Five undergraduate students and four high school teachers were selected as the first cohort (2013-2014 school year). These participants formed three groups: math, physics, and biology. Each group has produced multiple lessons in conjunction with their participation in the SMART Program; many of these lessons have been shared with the teachers’ colleagues at their schools sites – and in some cases at the district level.
The undergraduate research projects sponsored through the SMART Program have been presented at conferences such as Southern California Conference for Undergraduate Research (SCCUR) and Whittier College’s annual Undergraduate Research, Scholarship and Creative Arts (URSCA) Presentation Day.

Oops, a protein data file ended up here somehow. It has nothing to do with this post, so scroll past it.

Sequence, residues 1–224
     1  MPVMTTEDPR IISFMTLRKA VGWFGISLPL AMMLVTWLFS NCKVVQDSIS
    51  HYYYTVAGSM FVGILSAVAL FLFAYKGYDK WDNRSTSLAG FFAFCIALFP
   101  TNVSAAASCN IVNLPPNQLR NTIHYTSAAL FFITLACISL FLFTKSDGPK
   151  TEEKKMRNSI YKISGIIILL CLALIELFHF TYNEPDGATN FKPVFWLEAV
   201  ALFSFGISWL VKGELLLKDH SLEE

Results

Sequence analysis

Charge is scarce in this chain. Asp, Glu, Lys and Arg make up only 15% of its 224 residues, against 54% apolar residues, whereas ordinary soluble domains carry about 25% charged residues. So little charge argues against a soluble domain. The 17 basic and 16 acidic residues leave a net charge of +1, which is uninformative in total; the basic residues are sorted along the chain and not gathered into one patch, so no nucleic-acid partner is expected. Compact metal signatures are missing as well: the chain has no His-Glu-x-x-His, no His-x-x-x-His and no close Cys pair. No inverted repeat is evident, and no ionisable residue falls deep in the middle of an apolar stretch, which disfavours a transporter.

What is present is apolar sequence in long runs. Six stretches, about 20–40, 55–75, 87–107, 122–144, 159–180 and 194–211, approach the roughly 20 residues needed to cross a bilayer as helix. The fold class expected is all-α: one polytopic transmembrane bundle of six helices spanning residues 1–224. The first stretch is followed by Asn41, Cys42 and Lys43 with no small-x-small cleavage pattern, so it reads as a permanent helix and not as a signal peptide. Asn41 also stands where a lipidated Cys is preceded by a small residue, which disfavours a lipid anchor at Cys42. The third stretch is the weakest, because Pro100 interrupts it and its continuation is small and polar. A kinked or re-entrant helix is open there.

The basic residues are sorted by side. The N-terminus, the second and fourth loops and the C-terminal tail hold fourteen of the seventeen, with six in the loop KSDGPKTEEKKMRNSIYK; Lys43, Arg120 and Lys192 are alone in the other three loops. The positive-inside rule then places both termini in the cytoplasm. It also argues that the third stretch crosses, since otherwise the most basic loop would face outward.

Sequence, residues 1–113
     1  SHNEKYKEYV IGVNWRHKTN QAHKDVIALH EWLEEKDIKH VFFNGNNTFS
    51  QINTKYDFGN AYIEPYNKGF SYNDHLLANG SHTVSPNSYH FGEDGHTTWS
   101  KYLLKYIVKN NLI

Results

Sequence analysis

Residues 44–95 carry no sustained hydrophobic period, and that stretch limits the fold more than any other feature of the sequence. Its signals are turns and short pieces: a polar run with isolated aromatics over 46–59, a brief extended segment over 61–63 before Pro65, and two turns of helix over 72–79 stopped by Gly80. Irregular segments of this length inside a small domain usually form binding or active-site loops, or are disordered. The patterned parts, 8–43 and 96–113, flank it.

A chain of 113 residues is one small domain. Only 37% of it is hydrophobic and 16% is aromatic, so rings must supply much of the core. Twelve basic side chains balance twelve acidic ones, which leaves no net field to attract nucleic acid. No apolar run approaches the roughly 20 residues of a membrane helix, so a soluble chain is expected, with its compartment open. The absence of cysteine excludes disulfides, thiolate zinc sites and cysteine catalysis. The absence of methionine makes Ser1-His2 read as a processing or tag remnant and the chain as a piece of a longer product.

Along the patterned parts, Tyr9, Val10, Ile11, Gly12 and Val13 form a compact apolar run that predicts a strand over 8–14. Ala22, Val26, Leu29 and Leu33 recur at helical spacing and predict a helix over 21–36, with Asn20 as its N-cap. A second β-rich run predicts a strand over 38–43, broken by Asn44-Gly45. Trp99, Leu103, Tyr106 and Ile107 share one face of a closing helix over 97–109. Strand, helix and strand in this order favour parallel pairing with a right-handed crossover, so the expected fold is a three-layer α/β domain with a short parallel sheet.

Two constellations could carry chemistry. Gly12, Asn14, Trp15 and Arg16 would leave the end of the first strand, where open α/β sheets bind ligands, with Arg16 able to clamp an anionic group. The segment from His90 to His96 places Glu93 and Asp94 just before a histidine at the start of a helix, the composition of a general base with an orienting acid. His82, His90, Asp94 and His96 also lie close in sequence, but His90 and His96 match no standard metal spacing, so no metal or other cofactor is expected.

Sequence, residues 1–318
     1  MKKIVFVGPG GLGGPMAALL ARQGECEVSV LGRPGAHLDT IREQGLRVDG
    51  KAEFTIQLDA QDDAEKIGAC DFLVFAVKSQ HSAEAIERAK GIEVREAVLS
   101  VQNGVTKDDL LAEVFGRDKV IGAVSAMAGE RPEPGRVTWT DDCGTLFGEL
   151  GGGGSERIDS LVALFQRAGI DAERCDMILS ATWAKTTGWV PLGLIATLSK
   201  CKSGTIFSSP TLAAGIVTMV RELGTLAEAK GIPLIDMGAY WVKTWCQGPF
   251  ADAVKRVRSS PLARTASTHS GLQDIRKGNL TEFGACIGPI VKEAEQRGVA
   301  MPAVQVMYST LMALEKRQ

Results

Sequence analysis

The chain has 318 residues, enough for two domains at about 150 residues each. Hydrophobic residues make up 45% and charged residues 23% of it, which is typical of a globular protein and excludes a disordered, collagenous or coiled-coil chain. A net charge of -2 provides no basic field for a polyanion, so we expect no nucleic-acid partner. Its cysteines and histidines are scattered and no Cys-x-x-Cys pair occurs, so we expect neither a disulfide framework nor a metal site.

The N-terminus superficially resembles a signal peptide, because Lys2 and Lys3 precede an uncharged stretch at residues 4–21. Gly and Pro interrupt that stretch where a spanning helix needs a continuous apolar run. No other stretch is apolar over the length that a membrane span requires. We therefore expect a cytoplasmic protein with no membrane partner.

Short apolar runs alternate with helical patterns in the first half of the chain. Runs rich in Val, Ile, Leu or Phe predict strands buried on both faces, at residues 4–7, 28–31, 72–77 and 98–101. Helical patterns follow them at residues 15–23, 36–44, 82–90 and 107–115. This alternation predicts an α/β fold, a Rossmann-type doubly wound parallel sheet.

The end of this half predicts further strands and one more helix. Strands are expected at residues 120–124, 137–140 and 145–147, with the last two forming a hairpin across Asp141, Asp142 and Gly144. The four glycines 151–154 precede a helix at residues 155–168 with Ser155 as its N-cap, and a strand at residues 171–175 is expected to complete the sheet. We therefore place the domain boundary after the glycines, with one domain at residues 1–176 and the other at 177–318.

Most of the fellows have elected to continue on with the four highs school teachers during the second year of the program. Those that are graduating and not continuing with the College’s teacher preparation program will be pursuing a teaching credential elsewhere.
I have understood the importance of working together in various parts of my academic and professional career, but until this summer program I had yet to experience such as opportunity as this: Engaging in curricular development in collaboration with peers, professionals, and even those of a different field (physics and math). -- 2013 Undergraduate Fellow
[The summer workshop] was a very good experience. I was very interested in figuring out how to be more effective in guiding my students in their learning as opposed to just giving them the info. This workshop helped me do that. … It was a great benefit to work with college students and get to “student” perspective as I can lose sight of that sometimes. -- High School Teacher